Colleagues and former students of Jane Costello will discuss Costello’s impact on the field of epidemiology during this Festschrift June 23 at the Sanford Building on Duke’s West Campus. Speakers include Randall Akee, UCLA Luskin School of Public Affairs; Tom Cook, Northwestern University; Helen Egger, NYU Langone Medical Center; Ronald Kessler, Harvard Medical School; Barbara Maughan, King’s College, London; Edwin van den Oord, Virginia Commonwealth University; and Adrian Angold, Daniel Blazer, William Copeland, and Candice Odgers of Duke University.
Costello is associate director of the Center for Child and Family Policy and professor of medical psychology in the Department of Psychiatry and Behavioral Sciences at Duke. She came to Duke in 1988 to found a research program in child psychiatric epidemiology with her husband, Adrian Angold. Together, they redefined the topic as developmental epidemiology and began a longitudinal study on the need for and access to psychiatric services. Costello studied the same group of 1,400 people living in the mountains of western North Carolina for more than 20 years as part of the Great Smoky Mountains Study, a landmark longitudinal study that began in 1992. Her research team recorded the long-term effects of investment in participants’ health, education and welfare. In 2014 she testified before the U.S. Senate Committee on Indian Affairs, stating that small infusions of cash provided by the local casino were associated with considerable improvements in children’s rates of depression, anxiety and conduct problems. Costello’s research followed the children into adulthood, and she found that, as they grew older, they used less alcohol and fewer drugs, had fewer teen pregnancies and were more likely to graduate from high school.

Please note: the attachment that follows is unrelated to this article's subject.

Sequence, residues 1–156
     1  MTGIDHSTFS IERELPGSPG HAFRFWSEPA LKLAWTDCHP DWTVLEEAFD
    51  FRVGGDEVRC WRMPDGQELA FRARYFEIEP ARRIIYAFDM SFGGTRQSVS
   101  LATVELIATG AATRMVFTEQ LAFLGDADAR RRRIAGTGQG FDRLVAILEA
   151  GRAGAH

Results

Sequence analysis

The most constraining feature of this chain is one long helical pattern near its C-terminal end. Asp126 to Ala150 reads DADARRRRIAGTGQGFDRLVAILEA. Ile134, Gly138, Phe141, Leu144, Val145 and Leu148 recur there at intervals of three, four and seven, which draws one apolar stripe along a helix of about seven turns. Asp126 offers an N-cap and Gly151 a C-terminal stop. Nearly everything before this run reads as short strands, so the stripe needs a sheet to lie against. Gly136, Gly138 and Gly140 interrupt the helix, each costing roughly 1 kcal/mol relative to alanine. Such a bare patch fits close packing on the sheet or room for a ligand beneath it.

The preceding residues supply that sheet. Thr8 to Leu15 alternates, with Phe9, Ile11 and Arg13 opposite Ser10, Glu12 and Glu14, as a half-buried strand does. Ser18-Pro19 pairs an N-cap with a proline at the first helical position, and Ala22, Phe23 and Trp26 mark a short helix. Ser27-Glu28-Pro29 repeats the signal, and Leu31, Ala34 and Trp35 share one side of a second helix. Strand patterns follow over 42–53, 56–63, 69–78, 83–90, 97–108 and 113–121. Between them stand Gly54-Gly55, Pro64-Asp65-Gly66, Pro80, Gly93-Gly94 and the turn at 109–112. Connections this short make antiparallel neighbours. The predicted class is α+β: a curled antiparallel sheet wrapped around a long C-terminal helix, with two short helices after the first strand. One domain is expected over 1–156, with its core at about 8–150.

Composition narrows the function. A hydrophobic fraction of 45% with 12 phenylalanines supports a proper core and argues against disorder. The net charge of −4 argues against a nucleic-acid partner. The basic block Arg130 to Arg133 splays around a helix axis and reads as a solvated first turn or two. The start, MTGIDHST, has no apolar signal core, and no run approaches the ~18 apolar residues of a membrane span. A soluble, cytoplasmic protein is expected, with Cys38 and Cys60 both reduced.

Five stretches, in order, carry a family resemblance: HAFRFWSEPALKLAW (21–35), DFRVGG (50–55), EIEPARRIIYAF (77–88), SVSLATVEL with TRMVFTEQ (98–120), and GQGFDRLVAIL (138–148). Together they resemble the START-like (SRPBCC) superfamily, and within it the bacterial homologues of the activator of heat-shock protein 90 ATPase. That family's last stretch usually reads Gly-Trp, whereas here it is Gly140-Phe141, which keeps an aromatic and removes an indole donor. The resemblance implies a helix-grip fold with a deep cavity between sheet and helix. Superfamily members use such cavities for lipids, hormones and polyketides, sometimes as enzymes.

Costello has published over 200 papers, as well as 40 chapters and eight books. She has served as a member of various NIH initial review groups since 1991 and is a member of the Center for Scientific Review’s College of Reviewers. She has been on three National Academy of Science’s National Research Council panels. For six years she was on the editorial committee of the Journal of Child and Adolescent Psychiatry, and she has reviewed grants for the Medical Research Council, the Wellcome Trust, and the Nuffield Foundation in England, as well as grants in Sweden, Denmark, Holland, Canada, New Zealand, Austria and Germany.
Costello was a member of the American Psychiatric Association’s DSM-5 workgroup on developmental disorders. She received a Faculty Scholar Award from the William T. Grant Foundation in 1991, the Rema Lapouse Award of the American Public Health Association in 1999, and in 2007 a Distinguished Investigator Award from NARSAD. In 2009 she and Angold were awarded the Joy and William Ruane Prize for Child and Adolescent Psychiatric Research by the American Academy for Child and Adolescent Psychiatry. She will serve as president of the American Psycho-Pathological Society in 2018.
Lunch will be served. Please join us for a reception following the Festschrift.